1. Mandela’s prison number was 46664. The number stems from the fact that he was the 466th prisoner of 1964. He has since embraced the number, making it the name of his HIV/AIDS awareness campaign and the name of a series of charity concerts benefiting said charity.
2. Mandela and his cousin Justice ran away from home in 1941 to avoid arranged marriages.
3. He finally did get to marry for love in 1944, to Evelyn Mase, but it was soon marred by tragedy. Their second child, Makaziwe, died at just nine months old. The couple named their second daughter after the first one. They had two other children: Madiba Thembekile (Thembi), who died in a car crash while Mandela was in prison in 1969, and Makgatho Lewanika, who died of AIDS in 2005. Mandela had two other children with second wife Winnie. He also has 20 grandkids and “a growing number” of great-grandchildren.
4. In November 2009, the United Nations General Assembly declared July 18 “Mandela Day.” It’s his birthday, but it’s also a national celebration and recognition of Mandela’s contributions to freedom.
5. Mandela’s inauguration as President of South Africa in 1994 was historic for at least four reasons (and probably many more). First of all, he was the first democratically-elected president of South Africa ever. He was also the first black president to be elected in South Africa, and the oldest president to be elected. Finally, his inauguration united the largest number of Heads of State since JFK’s funeral in 1963.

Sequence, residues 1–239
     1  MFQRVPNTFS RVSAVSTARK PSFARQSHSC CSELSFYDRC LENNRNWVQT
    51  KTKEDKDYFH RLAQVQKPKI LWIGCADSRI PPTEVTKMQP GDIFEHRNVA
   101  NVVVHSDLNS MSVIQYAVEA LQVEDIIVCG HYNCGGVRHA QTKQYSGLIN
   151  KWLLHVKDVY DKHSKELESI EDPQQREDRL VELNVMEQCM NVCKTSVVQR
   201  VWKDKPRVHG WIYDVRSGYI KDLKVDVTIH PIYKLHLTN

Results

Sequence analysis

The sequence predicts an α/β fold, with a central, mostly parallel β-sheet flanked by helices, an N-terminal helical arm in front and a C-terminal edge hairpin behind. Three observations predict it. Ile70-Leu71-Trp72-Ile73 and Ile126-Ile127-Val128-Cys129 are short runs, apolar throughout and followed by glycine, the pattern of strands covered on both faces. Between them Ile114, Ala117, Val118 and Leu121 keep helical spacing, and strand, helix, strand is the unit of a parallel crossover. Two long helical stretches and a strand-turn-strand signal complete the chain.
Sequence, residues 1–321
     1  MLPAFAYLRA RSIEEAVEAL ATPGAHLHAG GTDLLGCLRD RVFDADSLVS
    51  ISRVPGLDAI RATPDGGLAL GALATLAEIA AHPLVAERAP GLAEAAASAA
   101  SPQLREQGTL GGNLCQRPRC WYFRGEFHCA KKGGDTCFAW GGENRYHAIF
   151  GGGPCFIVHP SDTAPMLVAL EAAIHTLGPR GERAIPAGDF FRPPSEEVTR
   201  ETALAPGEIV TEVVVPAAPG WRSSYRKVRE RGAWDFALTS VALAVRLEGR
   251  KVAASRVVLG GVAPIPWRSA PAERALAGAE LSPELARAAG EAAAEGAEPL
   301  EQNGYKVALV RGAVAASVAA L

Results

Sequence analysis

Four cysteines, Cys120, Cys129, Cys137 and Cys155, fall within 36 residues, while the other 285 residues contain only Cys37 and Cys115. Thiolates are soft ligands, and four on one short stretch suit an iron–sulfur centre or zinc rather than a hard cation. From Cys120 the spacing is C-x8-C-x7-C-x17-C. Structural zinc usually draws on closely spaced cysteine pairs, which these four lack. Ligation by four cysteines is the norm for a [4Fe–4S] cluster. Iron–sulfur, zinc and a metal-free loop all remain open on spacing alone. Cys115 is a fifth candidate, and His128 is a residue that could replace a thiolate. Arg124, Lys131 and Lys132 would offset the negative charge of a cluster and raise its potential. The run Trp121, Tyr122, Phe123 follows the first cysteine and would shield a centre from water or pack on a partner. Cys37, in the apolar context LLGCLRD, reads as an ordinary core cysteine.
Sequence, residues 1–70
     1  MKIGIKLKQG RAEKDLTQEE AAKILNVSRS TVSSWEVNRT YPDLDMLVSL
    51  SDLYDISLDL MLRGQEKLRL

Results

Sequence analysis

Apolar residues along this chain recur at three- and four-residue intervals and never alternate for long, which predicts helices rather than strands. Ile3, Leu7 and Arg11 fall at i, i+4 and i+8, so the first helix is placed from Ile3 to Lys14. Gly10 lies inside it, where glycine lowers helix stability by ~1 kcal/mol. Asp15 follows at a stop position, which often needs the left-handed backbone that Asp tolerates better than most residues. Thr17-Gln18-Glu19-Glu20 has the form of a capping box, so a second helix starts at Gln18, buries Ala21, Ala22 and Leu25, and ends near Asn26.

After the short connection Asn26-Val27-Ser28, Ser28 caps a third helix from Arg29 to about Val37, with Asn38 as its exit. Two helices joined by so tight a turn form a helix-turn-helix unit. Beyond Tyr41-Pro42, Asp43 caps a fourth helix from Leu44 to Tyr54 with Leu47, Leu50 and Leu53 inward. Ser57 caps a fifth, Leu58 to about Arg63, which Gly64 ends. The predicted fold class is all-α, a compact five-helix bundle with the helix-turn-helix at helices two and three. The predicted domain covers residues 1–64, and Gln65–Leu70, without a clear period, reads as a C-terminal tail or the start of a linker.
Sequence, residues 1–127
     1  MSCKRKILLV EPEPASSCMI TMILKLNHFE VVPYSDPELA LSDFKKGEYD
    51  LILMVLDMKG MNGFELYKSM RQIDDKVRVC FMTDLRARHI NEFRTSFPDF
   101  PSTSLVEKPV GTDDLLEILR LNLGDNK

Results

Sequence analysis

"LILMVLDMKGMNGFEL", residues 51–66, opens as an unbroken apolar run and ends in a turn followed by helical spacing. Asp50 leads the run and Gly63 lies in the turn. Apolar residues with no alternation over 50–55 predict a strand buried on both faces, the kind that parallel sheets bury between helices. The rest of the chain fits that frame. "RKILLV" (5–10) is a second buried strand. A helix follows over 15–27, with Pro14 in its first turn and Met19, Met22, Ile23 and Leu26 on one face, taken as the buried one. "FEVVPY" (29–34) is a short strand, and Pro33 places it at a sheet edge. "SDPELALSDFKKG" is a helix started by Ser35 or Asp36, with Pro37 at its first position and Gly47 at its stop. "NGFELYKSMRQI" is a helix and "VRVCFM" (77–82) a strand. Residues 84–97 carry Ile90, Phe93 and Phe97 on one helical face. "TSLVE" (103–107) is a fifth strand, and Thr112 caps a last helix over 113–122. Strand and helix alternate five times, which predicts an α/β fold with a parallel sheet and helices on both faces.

6. Is a Mandela by any other name as sweet? I’m going to go with “yes” on that one. Mandela’s birth name wasn’t really Nelson—it was Rolihlahla, which his school teachers were unable to pronounce. One of them started calling him Nelson after British admiral Horatio Nelson. Apparently everyone else thought that was easier to say than “Rolihlahla” too, because the name obviously stuck. Rolihlahla, by the way, means “pulling the branch of a tree.”
7. South Africans commonly call Mandela “mkhulu” (grandfather), or Madiba, the Mandela family name for a respected elder.
8. One of Mandela’s most famous quotes isn’t really his quote. You may have heard it—it’s often cited as a quote from his 1994 inaugural speech:
“Our deepest fear is not that we are inadequate. Our deepest fear is that we are powerful beyond measure … As we are liberated from our own fear, our presence automatically liberates others.”
This is actually a quote by author and spiritual activist Marianne Williamson in her book A Return to Love. Not only did Mandela not coin the quote himself, he probably never even said it. “As far as I know, he has never used the quote in any of his speeches,” said Razia Saleh, an archivist at the Nelson Mandela Foundation, “and we have catalogued about 1000 thus far.”
9. He received more than 695 awards, including the 1993 Nobel Peace Prize.